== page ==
My Trip To Myanmar – A day in Mandalay by Richard Do

After 2 days in Yangon, we took express bus to Mandalay. It is about $12 USD for an Air-Con bus and $10 for non Air-Con, scheduled around 10 hours but will take closer to 12.

Hot, busy and not immediately beautiful, Mandalay is primarily used by travellers as a transport and day-trip hub. But even amid the central grid of lacklustre concrete block ordinariness lurk many pagodas, striking churches, Indian temples and notable mosques. West of centre towards the fascinating Ayeyarwady (Irrawaddy) riverside, shadier backstreets link countless little-visited monasteries. And there’s plenty of fascination to be found delving into a range of craft workshops and arts performances.

A43A0399Photo By Richard DO

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If you can view maps Myanmar notice contiguous borders with many countries from India to Thailand. However from VietNam often we travel to Myanmar through two main roads: T1 by air pass Rangon  or Mandalay or T2: the road through the Golden Triangle.

My trip started from VietNam – Yangon – Mandalay – Old Bagan – Inle Lake – VietNam it took about 10 days.

First day, It’s Myanmar’s moment, and the country’s major city, Yangon (formerly Rangoon), is hoping to become Southeast Asia’s next boomtown. Diplomatic missions, business delegations and tourists have filled Yangon’s hotels since the country’s military government began transferring power to civilian leaders in 2011. The spotlight continues this year as Myanmar, also known as Burma, takes on the chairmanship of the Association of Southeast Asian Nations.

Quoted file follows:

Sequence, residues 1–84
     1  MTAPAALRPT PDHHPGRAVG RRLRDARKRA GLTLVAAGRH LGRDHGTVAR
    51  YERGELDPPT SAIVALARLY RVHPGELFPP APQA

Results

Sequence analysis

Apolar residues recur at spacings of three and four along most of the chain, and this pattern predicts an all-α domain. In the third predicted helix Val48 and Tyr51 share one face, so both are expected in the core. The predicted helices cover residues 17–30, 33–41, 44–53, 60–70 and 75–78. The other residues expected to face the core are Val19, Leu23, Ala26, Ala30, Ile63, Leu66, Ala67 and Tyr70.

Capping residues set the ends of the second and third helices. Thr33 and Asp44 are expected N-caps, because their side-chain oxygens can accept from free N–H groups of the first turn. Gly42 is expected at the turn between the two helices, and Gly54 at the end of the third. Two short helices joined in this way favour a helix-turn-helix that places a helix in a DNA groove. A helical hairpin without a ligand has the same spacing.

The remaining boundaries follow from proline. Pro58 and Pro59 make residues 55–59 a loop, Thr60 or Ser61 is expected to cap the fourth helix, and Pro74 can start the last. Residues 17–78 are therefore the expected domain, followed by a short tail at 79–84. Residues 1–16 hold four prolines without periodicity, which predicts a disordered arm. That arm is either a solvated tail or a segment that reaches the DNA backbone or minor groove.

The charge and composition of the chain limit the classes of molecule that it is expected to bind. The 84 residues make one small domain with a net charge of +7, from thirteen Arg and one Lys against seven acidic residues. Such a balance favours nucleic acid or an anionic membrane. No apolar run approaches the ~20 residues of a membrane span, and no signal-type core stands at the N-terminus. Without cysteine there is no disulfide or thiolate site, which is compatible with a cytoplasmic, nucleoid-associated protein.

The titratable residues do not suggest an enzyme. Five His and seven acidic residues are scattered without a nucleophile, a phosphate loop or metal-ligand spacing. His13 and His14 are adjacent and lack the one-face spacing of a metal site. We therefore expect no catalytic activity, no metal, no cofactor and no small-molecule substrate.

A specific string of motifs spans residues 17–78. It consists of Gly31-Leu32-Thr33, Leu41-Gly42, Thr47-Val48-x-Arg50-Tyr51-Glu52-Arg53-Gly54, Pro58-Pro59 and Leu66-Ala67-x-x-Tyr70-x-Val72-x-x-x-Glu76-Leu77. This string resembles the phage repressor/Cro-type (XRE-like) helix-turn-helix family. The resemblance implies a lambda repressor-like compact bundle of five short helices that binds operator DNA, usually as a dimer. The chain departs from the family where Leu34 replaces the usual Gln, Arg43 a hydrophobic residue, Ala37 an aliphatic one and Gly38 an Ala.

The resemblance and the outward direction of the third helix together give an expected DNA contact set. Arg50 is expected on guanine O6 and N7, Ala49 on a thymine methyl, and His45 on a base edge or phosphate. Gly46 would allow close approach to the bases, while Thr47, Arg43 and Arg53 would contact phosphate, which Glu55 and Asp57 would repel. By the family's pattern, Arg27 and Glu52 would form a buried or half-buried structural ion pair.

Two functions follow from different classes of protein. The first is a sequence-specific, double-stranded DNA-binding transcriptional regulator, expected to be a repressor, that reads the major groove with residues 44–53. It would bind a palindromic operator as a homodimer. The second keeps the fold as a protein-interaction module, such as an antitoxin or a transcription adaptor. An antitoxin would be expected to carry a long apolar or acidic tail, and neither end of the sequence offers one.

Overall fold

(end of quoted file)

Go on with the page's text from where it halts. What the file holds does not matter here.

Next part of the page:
A43A0135Photo By Richard DO


A43A0134Photo By Richard DO

For now, though, as the road map for laws and reforms is being drawn, the city remains in a kind of urban time warp, still awaiting a much-needed capital infusion to fuel what it hopes to be its renaissance. Golden pagodas, colonial-era buildings, traditional shop houses and moldering jazz-age mansions form a low-rise fabric unique to Asia, the whole stitched together by tree-lined avenues swarming with buses and cars. While ethnic and religious tensions simmer along Myanmar’s borderlands, including in remote Rakhine State, where there have been recent outbreaks of religious violence, Yangon is far from these areas. Still, time will tell whether the city will reclaim its former status as a cosmopolitan capital.

A43A0130Photo By Richard DO ( I and my local friend in Myanmar Traditional Clothes)




A43A0131Photo By Richard DO

Spiritual heart of Myanmar, the Shwedagon Pagoda’s bell-shaped stupa rises in golden splendor above Yangon. Buck the tourist trail by taking in the colorful pagoda neighborhood first, beginning with a bowl of mohinga noodles — Burma’s breakfast — at deli-like Myaung Mya-Daw Cho on Yay Tar Shay Old Street (about 500 kyat). Then, peruse shops brimming with Buddhist religious items, papier-mâché toys and herbal health remedies before climbing up vertiginous steps to the Shwedagon Pagoda’s eastern entrance. By engaging a local guide in advance, you’ll both support the economy and gain cultural insight. Some travel agencies, like the local operator for Kensington Tours, even donate a portion of proceeds to community projects like the renovation of a 120-year-old Buddhist ordination hall hidden at the foot of the Shwedagon Pagoda, featured on the half-day “Spiritual Shwedagon” tour.


Photo By Richard DO

A43A0814Photo By Richard DO



A43A0834Photo By Richard DO

(Mandalay will be next)

Map of Shwedagon Pagoda Myanmar click for a larger map

Map Shwedagon Pagaoda

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